Show simple item record

dc.contributor.authorTobias, Martinen_US
dc.date.accessioned2006-06-09T18:19:00Z
dc.date.available2006-06-09T18:19:00Z
dc.date.issued2006-04-07en_US
dc.identifier.urihttp://hdl.handle.net/1853/10514
dc.description.abstractThe probability hypothesis density (PHD), popularized by Ronald Mahler, presents a novel and theoretically-rigorous approach to multitarget, multisensor tracking. Based on random set theory, the PHD is the first moment of a point process of a random track set, and it can be propagated by Bayesian prediction and observation equations to form a multitarget, multisensor tracking filter. The advantage of the PHD filter lies in its ability to estimate automatically the expected number of targets present, to fuse easily different kinds of data observations, and to locate targets without performing any explicit report-to-track association. We apply a particle-filter implementation of the PHD filter to realistic multitarget, multisensor tracking using passive coherent location (PCL) systems that exploit illuminators of opportunity such as FM radio stations. The objective of this dissertation is to enhance the usefulness of the PHD particle filter for multitarget, multisensor tracking, in general, and within the context of PCL, in particular. This involves a number of thrusts, including: 1) devising intelligent proposal densities for particle placement, 2) devising a peak-extraction algorithm for extracting information from the PHD, 3) incorporating realistic probabilities of detection and signal-to-noise ratios (including multipath effects) to model realistic PCL scenarios, 4) using range, Doppler, and direction of arrival (DOA) observations to test the target detection and data fusion capabilities of the PHD filter, and 5) clarifying the concepts behind FISST and the PHD to make them more accessible to the practicing engineer. A goal of this dissertation is to serve as a tutorial for anyone interested in becoming familiar with the probability hypothesis density and associated PHD particle filter. It is hoped that, after reading this thesis, the reader will have gained a clearer understanding of the PHD and the functionality and effectiveness of the PHD particle filter.en_US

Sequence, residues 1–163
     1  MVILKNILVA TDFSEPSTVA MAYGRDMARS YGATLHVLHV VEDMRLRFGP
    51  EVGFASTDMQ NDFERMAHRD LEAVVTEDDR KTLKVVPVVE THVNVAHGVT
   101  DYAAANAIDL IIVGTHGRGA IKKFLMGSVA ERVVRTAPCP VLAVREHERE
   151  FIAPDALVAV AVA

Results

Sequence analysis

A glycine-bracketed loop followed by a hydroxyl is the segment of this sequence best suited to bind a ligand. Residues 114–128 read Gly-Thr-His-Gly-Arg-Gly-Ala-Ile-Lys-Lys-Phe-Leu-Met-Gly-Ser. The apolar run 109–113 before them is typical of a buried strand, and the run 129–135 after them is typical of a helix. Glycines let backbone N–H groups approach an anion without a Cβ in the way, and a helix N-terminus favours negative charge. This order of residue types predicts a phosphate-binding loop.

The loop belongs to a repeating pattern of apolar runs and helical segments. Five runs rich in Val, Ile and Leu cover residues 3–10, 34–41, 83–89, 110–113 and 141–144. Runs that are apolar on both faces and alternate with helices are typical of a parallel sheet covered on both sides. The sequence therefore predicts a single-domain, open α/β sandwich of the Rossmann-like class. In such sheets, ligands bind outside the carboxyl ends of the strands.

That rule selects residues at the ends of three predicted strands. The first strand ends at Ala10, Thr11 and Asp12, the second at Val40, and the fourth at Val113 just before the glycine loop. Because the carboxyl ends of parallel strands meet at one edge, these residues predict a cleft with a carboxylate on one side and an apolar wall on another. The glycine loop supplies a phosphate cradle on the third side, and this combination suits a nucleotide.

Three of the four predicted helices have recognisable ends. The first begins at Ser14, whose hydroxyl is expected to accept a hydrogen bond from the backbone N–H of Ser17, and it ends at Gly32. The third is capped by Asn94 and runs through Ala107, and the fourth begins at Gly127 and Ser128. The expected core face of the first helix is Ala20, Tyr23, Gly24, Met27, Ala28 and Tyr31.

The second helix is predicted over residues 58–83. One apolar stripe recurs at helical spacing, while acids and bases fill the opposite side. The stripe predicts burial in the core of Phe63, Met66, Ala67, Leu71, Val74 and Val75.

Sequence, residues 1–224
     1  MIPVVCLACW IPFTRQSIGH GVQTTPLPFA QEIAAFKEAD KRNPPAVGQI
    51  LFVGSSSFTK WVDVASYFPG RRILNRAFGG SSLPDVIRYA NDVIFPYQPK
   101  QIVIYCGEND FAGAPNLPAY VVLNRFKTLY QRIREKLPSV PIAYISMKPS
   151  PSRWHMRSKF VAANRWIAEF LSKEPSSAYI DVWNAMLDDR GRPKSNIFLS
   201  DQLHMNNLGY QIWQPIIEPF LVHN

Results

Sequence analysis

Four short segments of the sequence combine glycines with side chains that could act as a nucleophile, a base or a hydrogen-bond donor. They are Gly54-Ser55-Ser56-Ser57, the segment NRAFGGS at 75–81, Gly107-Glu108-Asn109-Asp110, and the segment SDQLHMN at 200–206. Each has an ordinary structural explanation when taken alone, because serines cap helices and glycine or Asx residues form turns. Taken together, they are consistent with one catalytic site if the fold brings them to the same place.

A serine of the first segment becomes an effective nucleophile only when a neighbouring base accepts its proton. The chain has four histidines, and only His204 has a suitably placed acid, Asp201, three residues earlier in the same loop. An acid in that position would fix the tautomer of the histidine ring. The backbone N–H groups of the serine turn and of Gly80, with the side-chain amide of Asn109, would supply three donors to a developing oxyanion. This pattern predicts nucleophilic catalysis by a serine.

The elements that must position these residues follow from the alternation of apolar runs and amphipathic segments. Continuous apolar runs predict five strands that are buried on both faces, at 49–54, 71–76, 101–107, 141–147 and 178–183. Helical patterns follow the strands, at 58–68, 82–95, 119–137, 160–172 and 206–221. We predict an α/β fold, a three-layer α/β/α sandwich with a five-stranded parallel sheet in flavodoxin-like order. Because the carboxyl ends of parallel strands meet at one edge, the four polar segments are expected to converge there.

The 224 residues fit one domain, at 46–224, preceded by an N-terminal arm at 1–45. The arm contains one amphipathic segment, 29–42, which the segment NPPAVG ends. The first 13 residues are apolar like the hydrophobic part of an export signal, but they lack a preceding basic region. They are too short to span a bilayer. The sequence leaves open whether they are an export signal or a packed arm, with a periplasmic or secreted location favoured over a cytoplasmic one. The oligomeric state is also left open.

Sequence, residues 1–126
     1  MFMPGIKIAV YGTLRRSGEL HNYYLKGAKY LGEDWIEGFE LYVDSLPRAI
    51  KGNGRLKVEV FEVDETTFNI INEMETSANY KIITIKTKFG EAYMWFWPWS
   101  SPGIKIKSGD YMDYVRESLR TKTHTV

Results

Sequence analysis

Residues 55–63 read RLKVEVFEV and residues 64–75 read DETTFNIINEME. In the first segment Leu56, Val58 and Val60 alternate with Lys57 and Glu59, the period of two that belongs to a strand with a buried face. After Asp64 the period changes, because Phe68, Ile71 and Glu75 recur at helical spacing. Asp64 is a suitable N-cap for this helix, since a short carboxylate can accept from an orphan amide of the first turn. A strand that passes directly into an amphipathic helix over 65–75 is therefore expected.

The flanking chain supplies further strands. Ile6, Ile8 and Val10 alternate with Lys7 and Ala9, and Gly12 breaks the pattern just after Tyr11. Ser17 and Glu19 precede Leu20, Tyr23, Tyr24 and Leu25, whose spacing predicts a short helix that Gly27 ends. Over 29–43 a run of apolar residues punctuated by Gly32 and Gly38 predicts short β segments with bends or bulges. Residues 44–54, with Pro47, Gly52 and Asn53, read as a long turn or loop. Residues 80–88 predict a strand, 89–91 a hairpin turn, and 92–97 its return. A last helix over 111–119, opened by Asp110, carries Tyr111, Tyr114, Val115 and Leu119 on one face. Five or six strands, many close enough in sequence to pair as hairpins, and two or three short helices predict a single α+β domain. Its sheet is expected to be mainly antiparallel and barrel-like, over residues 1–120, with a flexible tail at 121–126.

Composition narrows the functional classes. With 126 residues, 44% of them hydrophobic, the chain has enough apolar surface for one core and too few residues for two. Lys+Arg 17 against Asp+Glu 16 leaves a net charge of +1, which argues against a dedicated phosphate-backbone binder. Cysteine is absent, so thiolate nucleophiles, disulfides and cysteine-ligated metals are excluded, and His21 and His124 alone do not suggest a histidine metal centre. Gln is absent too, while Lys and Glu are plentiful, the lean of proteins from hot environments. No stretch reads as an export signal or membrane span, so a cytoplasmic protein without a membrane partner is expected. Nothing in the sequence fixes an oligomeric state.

dc.format.extent19093018 bytes
dc.format.mimetypeapplication/pdf
dc.language.isoen_US
dc.publisherGeorgia Institute of Technologyen_US
dc.subjectParticle filtersen_US
dc.subjectFinite set statistics
dc.subject.lcshTracking radar Mathematicsen_US
dc.subject.lcshRandom setsen_US
dc.subject.lcshMultisensor data fusionen_US
dc.titleProbability Hypothesis Densities for Multitarget, Multisensor Tracking with Application to Passive Radaren_US
dc.typeDissertationen_US
dc.description.degreePh.D.en_US
dc.contributor.departmentElectrical and Computer Engineeringen_US
dc.description.advisorCommittee Chair: Lanterman, Aaron; Committee Member: McClellan, James; Committee Member: Vidakovic, Brani; Committee Member: Williams, Douglas; Committee Member: Yezzi, Anthonyen_US


Files in this item

Thumbnail

This item appears in the following Collection(s)

Show simple item record